Dialogue Q4 2018 is out September 1. Here is what you can expect, from the desk of Dialogue editor, Ben Walker
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The late, legendary film critic Roger Ebert didn’t much like Footloose. “A seriously confused movie that tries to do three things, and does all of them badly,” he wrote at the time. Film reviews aren’t always good predictors of box office performance. Footloose went on to gross over $80m in US cinemas alone.
The danger of the footloose world, this issue’s Focus topic, is that it is economically successful in terms of overall global wealth, but fails in other respects. Globalization, as Ebert might have had it, risks being a seriously confused idea that tries to do several things – unshackle businesses, liberate workers, and open up markets – but does all of them badly.
Our cover star, Blair Sheppard, fears that an increasingly footloose world is a catalyst for an exacerbation of inequality and a collapse in fairness. Sheppard is not opposed to inequality per se – indeed he makes the case for it – it is the structure of the new inequality that concerns him. Rapid solutions are required, he argues. His suggested remedies are required reading for those at the top of companies, public bodies and governments.
Yet some will succeed in the footloose world. Olga Mizrahi shows how talent is going freelance by choice. For many professionals, the gig economy isn’t a merely bearable replacement to a full-time job, it’s a clear preference. This poses challenges for employers. The best freelancers can pick their clients. Employers that make themselves freelance-friendly, and embrace suppliers as part of their corporate family, will secure the best talent.
Heather McGowan and Chris Shipley suggest that life as a freelancer might prepare you better for what’s next. Certainly, they say, freelancers are much more likely to invest in updating their skills than are full-time employees. Learning, McGowan and Shipley contend, is the key to the future of work: companies must institutionalize learning – by making it a core goal of the organization. Set out to discover your employees’ hidden talents – in a changing, footloose world you might soon need to use them.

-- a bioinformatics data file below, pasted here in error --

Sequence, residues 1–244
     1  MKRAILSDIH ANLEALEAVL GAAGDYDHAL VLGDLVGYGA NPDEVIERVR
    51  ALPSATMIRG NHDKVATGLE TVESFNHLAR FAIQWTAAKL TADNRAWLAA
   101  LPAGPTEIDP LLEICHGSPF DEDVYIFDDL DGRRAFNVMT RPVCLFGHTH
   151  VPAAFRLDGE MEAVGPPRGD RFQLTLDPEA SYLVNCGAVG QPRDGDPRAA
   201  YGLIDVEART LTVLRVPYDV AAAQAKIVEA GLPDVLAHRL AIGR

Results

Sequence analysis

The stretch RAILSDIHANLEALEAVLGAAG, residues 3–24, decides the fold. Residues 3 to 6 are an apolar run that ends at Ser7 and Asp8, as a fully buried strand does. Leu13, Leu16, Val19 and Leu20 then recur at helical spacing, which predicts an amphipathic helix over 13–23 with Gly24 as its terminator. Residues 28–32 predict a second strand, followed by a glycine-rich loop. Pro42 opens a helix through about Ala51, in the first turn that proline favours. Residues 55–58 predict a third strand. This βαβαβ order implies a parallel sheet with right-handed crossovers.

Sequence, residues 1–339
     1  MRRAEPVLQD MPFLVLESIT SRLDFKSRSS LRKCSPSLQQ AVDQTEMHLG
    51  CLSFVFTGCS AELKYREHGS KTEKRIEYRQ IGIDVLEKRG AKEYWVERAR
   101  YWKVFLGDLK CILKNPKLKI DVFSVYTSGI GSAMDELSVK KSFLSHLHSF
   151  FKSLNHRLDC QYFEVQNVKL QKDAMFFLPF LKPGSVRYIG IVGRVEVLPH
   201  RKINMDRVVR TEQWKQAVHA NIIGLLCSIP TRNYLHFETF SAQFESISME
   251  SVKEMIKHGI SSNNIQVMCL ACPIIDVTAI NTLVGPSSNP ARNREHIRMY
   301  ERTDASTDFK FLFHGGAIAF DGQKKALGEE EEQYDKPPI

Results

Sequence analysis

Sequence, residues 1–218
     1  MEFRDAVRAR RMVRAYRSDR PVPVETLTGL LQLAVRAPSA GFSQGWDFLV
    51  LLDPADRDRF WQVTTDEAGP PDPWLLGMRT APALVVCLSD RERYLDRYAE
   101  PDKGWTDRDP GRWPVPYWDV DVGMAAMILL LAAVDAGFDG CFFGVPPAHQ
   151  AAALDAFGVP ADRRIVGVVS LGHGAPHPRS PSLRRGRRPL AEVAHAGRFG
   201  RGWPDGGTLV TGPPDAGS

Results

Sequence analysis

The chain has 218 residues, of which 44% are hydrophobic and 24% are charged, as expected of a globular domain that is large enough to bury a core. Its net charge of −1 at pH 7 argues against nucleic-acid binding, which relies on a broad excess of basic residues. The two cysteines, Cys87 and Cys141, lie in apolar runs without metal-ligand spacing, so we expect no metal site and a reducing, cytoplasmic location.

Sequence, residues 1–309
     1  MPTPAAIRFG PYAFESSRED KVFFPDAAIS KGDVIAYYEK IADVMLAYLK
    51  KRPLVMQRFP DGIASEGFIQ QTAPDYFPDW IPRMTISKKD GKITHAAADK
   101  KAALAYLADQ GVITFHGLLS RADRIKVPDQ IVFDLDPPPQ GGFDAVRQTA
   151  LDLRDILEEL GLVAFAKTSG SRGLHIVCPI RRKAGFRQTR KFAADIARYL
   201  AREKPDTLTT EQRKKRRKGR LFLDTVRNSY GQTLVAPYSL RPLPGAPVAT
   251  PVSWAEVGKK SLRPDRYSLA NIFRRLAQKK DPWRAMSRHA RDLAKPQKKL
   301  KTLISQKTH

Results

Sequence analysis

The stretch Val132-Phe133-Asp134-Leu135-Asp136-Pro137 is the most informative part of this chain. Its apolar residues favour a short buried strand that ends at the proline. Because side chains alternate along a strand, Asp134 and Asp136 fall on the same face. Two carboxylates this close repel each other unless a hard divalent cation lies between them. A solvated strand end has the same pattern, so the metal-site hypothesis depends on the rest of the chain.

One man who discovered his own hidden talents is the basketball-pro turned leadership-speaker Jay Williams. I first encountered Williams at last winter’s Training Conference & Expo in Atlanta. I found his ability to captivate an audience remarkable. There, I learned of his story, a traumatic ordeal that began with a career-ending motorcycle accident. Yet his reinvention inspires others to their own renaissance. When I challenged Williams that few people will endure a similar ordeal that forces them to change, the former Chicago Bulls point guard countered with a profound response: “Many people have their own accidents,” he told me, “they just choose to suppress them.”
Tony O’Driscoll’s superb exploration of the complexity chasm begins with an accident that would have been infinitely worse had the hero of the hour acted differently. Chesley ‘Sully’ Sullenberger’s expert ditching of US Airways Flight 1549 in the Hudson River – saving the lives of all 155 people on board – became known as the Miracle on the Hudson. It was no miracle – it was down to the skill and competence of the pilot who found a moment of clarity amid the complexity. O’Driscoll exposes the need to reframe, rewire and reconfigure as complexity grows. That’s great advice to leaders looking to make sense of, and succeed in, the footloose world. Many futures are possible. Enjoy the issue.
–– Ben Walker is editor of Dialogue